Trading Chevrons for Bars

Story Number: NNS190129-13Release Date: 1/29/2019 11:08:00 AM
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By Mass Communication Specialist 3rd Class Trey Hutcheson, USS George Washington Public Affairs

NEWPORT NEWS, Va. - (Jan. 23, 2019) (NNS) -- He was 22, and a new father, when he left his hometown of Binghamton, New York, for boot camp. His Navy journey began May 13, 2009. He joined as an E-1 with a desire to serve his country and be part of the law enforcement community. As a junior Sailor, he was all in, and ready to make his mark on the Navy.

Fast forward 10 years, and Master-at-Arms 1st Class (MA1) Fredrick Tanner, the leading petty officer for the security department onboard the Nimitz-class aircraft carrier USS George Washington (CVN 73), has been selected to become a security officer through the limited duty officer (LDO) program.

Tanner applied only once, and didn’t include any letters of recommendation in his package. His reasoning for that is simple.

“I knew my hard work spoke for itself, and I knew that if I made it, that’s what it would be based on, not the kind words of others,” said Tanner.

Achieving such a milestone came with many emotions once he was notified of his selection.

“I was called up to Capt. [Colin] Day’s office, [the former executive officer of George Washington], and at the time I thought one of my Sailors messed up, and I was going to answer for it,” said Tanner. “Capt. Day looked at me and told me to come here. He handed me an email he received which read LDO results. At that point, my feelings changed. I felt it was going to be the discussion of ‘better luck next year,’ but as I flipped through the pages of the email that’s when I saw my name highlighted in orange. I stood there in complete shock. The feeling was unreal. To this day I have the exact email Capt. Day gave me.”

After finding out the news that made Tanner full of emotion, he called his wife Alyson who was on her way to see her mother in Missouri.

“Before she left she told me she had a feeling the results were going to come out that day, and sure enough they did,” said Tanner. “I called her, and to be honest, I sat on the stairs and started to cry. She asked me why I was crying. I told her because this changes everything for our family and the future of our children.”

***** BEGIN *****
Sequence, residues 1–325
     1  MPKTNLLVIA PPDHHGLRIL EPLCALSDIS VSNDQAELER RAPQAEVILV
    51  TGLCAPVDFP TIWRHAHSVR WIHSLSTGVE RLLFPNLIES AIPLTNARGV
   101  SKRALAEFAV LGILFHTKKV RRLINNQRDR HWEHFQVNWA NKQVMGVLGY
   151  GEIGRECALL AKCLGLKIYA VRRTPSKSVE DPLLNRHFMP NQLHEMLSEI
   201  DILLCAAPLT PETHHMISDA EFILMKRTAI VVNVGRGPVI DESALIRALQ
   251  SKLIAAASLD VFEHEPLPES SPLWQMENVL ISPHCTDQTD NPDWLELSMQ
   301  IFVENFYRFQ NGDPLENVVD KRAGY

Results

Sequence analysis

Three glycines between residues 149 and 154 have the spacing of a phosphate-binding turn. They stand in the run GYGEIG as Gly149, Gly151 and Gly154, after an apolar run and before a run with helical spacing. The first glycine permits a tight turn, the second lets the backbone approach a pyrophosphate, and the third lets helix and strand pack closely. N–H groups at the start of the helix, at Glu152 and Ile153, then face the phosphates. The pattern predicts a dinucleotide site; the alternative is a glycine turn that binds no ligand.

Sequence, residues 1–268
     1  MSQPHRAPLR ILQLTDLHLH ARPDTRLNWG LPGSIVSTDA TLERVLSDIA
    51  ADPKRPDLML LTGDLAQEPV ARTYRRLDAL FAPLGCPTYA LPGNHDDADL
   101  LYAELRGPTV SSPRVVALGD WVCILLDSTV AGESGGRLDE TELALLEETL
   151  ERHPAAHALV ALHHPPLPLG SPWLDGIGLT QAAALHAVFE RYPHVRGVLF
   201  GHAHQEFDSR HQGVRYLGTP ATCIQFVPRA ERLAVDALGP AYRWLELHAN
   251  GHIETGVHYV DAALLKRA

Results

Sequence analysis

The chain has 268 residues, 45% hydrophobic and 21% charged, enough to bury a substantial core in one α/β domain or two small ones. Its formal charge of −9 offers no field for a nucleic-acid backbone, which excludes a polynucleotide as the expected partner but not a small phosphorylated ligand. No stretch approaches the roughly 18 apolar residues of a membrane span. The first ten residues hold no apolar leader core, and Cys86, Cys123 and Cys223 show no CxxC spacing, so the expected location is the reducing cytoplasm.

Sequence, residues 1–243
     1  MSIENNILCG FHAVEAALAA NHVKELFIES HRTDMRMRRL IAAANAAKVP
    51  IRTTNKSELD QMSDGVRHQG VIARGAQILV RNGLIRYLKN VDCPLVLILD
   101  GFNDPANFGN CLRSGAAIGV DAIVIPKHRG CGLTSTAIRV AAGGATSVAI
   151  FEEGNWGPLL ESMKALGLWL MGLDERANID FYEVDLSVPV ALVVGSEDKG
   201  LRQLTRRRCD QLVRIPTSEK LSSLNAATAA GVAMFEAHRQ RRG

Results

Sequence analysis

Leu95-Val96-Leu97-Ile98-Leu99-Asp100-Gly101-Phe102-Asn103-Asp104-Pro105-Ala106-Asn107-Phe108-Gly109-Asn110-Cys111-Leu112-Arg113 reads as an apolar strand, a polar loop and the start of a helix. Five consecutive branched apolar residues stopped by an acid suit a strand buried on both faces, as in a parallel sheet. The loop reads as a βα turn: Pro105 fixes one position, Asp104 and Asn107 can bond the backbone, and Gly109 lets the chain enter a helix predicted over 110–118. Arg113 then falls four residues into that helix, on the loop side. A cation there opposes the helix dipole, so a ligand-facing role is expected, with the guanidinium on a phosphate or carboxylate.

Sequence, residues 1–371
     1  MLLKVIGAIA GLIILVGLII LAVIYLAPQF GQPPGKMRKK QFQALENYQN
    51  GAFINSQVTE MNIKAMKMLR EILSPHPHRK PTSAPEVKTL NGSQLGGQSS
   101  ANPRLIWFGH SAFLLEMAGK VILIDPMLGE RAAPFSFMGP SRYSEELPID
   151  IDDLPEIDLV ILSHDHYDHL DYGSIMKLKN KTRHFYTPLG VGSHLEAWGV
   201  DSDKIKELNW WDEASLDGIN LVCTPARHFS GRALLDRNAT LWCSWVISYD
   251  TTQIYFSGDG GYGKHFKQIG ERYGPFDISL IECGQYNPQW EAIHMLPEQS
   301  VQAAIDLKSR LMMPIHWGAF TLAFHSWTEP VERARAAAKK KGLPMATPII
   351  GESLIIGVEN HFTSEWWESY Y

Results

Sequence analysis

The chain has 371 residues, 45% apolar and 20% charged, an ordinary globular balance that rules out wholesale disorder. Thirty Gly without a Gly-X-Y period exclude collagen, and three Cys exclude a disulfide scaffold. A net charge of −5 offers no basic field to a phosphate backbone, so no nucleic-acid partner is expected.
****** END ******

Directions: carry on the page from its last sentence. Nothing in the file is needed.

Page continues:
His department head, Lt. David Coon, knows first-hand what kind of leader Tanner is and how that will benefit him as an officer.

“He is always full of pride, drive, and an energy that is extremely contagious,” said Coon. “His loyalty to subordinates, peers, and supervisors in the execution of duties is a keystone to his character. He is fearless. His future as an officer will try him and push him more than he knows, but his drive to succeed, devotion to his team, and strength to accept and conquer whatever task is at hand will benefit him as an officer...He has demonstrated his ability to lead, but what sets him apart is his background. Having come up from the ranks, he has the privilege of being both a technical expert and leader that’s not afraid to get his hands dirty.”

Although he will soon wear officer’s insignia, Tanner will remember where he came from.

“I will never forget where I started in my naval career, and I am truly blessed to have the mentors in my career that I have had,” said Tanner. “Some of the officers onboard, when they see me, call me “ensign select,” and every time I hear that I just remind myself of the hard work I have put in to get where I am today.”

The emotions of pride and joy can be felt by Tanner’s chain of command knowing that he best exemplifies the attitude, knowledge, and leadership of a naval officer.

“I am extremely proud of him for his selection as a limited duty officer,” said Coon. “It is exciting to train, challenge, and gauge Sailors in their abilities with the ultimate goal of one day having done a good enough job to replace you. I am grateful for all of the mentorship and leadership, assignments, and experiences throughout my military career that have made me the leader I am today. I look to MA1 Tanner to continue to grow and develop the security community and be an asset to his future command. His strong sense of character and ability to adapt and overcome are second to none. I cannot wait to reflect on the impact of his future achievements and the success of those in which he will lead. Our people are truly our greatest investment, and it’s amazing to see that investment pay off.”

As he prepares to close the enlisted chapter of his career, he has some advice for those that one day want to follow in his footsteps.

“Hard work pays off,” said Tanner. “Never let anyone tell you [that] you can’t achieve your dreams because anything is possible if you just try.”

Tanner’s commissioning ceremony is Aug. 30, 2019. His first salute will be with Chief Master-at-Arms Leonel Serrano, chief master-at-arms aboard USS Gettysburg (CG-64).

“I am excited to make an ever bigger impact in our community, and affect even more change,” said Tanner.


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MA1 Tanner
190117-N-PM250-0001 NORFOLK Va. (Jan. 17, 2019) Master-at-Arms 1st Class Fredrick Tanner, left, the leading petty officers for the security department onboard the Nimitz-class aircraft carrier USS George Washington (CVN 73), ensures that a sentry has everything he needs to maintain his post. George Washington is undergoing a refueling complex overhaul (RCOH) at Newport News Shipyard. RCOH is a nearly four-year project performed only once during a carrier™s 50-year service life that includes refueling of the ship™s two nuclear reactors, as well as significant repair, upgrades and modernization. (U.S. Navy photo by Mass Communication Specialist 3rd Class Julie Vujevich/Released)
January 25, 2019
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